Responding to HIV in Afghanistan.

National AIDS Control Programme, Ministry of Public Health, Kabul, Afghanistan.
The Lancet (Impact Factor: 39.21). 01/2008; 370(9605):2167-9. DOI: 10.1016/S0140-6736(07)61911-4
Source: PubMed
  • [Show abstract] [Hide abstract]
    ABSTRACT: Objective. Occupational exposures to blood and other bodily fluids occur in approximately 5 per 100 persons every year in US hospitals. Since the provision of health care in the deployed environment poses unique challenges to hospital personnel, it is important to characterize the rates of occupational exposures and understand the prevalence of blood-borne pathogens (BBPs) in host nations. Methods. A retrospective review of public health and laboratory records at a US military trauma center in Afghanistan from October 1, 2010, to March 31, 2012. Results. A total of 65 occupational exposures were reported, including 47 (72%) percutaneous and 18 (28%) mucocutaneous, with a yearly rate of 8.6 exposures per 100 persons. During 6-month deployment cycles, the majority of exposures (46.2%) occurred in the first 2 months after arrival in Afghanistan. Physicians reported the most exposures (26%), and the operating room (48%) was the most common hospital location. The prevalence of hepatitis B and hepatitis C among local national source patients ([Formula: see text]) was 8.9% and 2.3%, respectively, with no cases of HIV or syphilis detected. In contrast, there were no BBPs detected in coalition source ([Formula: see text]) or exposed ([Formula: see text]) patients. Conclusions. The characteristics of occupational exposures in this deployed environment were comparable to those of US-based hospitals. Standard practices used to reduce occupational exposures, such as use of personal protective equipment and safety devices, should continue to be prioritized in the deployed setting. Although BBP rates are not well defined in Afghanistan, our results were consistent with those of prior epidemiologic studies.
    Infection Control and Hospital Epidemiology 01/2013; 34(1):74-79. DOI:10.1086/668784 · 3.94 Impact Factor
  • Source
    [Show abstract] [Hide abstract]
    ABSTRACT: Introduction: It is increasingly important to prioritize the most cost-effective HIV interventions. We sought to summarize the evidence on which types of interventions provide the best value for money in regions with concentrated HIV epidemics.Methods: We conducted a systematic review of peer-reviewed and grey literature reporting measurements of cost-effectiveness or cost-benefit for HIV/AIDS interventions in Asia and Eastern Europe. We also collated HIV/AIDS spending assessment data from case-study countries in the region.Results: We identified 91 studies for inclusion, 47 of which were from peer-reviewed journals. Generally, in concentrated settings, prevention of mother-to-child transmission programmes and prevention programmes targeting people who inject drugs and sex workers had lower incremental cost-effectiveness ratios than programmes aimed at the general population. The few studies evaluating programmes targeting men who have sex with men indicate moderate cost-effectiveness. Collation of prevention programme spending data from 12 countries in the region (none of which had generalized epidemics) indicated that resources for the general population/non-targeted was greater than 30% for eight countries and greater than 50% for five countries.Conclusions: There is a misalignment between national spending on HIV/AIDS responses and the most affected populations across the region. In concentrated epidemics, scarce funding should be directed more towards most-at-risk populations. Reaching consensus on general principles of cost-effectiveness of programmes by epidemic settings is difficult due to inconsistent evaluation approaches. Adopting a standard costing, impact evaluation, benefits calculation, analysis and reporting framework would enable cross comparisons and improve HIV resource prioritization and allocation.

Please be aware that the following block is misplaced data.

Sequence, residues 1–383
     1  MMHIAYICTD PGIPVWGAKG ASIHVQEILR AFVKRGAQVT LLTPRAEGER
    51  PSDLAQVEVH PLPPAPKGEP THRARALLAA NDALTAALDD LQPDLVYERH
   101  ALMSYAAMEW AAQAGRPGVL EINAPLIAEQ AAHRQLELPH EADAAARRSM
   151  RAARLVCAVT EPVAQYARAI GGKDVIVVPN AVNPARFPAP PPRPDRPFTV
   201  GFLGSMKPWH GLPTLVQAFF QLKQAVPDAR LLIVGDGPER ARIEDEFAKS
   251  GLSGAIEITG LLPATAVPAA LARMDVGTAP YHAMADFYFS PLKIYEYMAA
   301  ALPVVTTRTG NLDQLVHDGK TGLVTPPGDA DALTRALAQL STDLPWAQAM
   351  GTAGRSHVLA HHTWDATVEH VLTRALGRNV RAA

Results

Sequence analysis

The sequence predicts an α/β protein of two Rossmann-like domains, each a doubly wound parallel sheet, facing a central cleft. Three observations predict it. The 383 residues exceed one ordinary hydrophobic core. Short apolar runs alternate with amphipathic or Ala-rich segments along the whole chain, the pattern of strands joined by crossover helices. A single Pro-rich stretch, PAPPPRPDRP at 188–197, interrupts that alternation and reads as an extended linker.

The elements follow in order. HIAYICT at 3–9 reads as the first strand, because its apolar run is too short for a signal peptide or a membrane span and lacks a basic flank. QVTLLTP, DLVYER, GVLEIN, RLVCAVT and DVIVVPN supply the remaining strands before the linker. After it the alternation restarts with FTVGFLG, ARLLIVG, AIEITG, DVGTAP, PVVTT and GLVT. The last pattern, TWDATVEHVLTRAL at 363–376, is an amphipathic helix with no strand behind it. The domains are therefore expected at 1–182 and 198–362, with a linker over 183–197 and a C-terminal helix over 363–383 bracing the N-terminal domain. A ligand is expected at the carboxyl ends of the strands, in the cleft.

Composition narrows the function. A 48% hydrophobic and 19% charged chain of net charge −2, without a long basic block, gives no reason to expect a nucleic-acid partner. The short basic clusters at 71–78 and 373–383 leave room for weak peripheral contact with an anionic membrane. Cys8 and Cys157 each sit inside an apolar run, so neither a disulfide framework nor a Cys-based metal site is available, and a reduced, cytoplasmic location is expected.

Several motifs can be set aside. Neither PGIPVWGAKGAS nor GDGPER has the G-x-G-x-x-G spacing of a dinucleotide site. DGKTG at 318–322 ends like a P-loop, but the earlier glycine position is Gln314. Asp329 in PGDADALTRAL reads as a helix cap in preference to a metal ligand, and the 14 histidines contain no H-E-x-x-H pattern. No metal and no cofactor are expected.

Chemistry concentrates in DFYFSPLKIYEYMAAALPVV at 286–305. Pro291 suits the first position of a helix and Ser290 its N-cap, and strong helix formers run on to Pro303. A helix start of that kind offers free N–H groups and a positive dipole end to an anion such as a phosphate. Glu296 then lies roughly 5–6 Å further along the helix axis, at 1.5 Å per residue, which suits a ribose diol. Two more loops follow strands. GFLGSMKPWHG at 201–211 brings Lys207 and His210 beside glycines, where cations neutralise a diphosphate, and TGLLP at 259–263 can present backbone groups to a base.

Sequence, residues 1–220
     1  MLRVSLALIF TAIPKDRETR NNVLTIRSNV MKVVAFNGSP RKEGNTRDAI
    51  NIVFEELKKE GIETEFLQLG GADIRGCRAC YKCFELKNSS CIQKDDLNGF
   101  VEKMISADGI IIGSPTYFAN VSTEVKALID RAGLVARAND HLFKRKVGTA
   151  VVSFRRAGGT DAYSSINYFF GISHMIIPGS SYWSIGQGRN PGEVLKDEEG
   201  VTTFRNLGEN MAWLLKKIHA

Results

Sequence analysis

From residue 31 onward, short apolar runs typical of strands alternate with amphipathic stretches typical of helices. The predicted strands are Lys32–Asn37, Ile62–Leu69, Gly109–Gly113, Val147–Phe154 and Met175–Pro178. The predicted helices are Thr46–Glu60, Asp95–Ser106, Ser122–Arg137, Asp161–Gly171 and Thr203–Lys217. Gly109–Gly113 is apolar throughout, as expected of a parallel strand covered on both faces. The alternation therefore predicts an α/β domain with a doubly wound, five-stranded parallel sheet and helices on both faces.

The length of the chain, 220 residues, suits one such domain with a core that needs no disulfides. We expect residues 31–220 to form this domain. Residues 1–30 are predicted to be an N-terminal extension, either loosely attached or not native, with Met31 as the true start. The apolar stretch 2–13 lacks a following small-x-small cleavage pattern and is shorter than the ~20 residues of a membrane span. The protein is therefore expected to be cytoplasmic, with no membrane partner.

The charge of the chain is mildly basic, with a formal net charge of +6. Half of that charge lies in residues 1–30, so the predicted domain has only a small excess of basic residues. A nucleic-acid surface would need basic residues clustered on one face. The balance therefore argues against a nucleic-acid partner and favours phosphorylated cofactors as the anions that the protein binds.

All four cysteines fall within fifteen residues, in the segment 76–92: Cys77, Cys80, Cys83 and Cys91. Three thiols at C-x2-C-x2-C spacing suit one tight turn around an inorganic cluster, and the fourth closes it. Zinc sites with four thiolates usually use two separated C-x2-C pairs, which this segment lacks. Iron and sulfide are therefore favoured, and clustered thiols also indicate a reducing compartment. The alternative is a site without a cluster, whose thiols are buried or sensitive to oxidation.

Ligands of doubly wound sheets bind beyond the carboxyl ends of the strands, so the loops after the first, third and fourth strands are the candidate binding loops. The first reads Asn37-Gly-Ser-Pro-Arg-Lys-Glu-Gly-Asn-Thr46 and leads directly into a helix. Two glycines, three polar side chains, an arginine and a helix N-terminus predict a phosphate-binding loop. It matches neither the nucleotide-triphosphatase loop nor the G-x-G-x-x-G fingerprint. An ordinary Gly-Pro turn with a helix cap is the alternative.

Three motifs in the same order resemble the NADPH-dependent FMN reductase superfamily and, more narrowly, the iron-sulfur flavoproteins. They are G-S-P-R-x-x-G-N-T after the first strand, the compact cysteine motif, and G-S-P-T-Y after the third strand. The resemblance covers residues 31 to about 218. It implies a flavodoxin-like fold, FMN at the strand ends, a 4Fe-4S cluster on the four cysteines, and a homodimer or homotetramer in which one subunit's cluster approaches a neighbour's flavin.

Journal of the International AIDS Society 02/2014; 17(1):18822. DOI:10.7448/IAS.17.1.18822 · 4.21 Impact Factor
  • Source
    [Show abstract] [Hide abstract]
    ABSTRACT: Worldwide, the male to female ratio of new smear-positive tuberculosis (TB) cases is approximately two to one. However, in Pakistan, this is not the case. Rates of notified TB cases are 20-30% higher in young females compared with males, and female rates remain high regardless of increasing age. This is in stark contrast to neighboring India, which is characterized by an excess of male TB cases. It is currently unknown why rates of notified TB are so high in females in Pakistan, but it is clear that this epidemiology is a public health issue of importance that impacts transmission dynamics and disease control initiatives.
    The American journal of tropical medicine and hygiene 09/2011; 85(3):514-7. DOI:10.4269/ajtmh.2011.10-0701 · 2.74 Impact Factor

Full-text (2 Sources)

Available from
Jun 2, 2014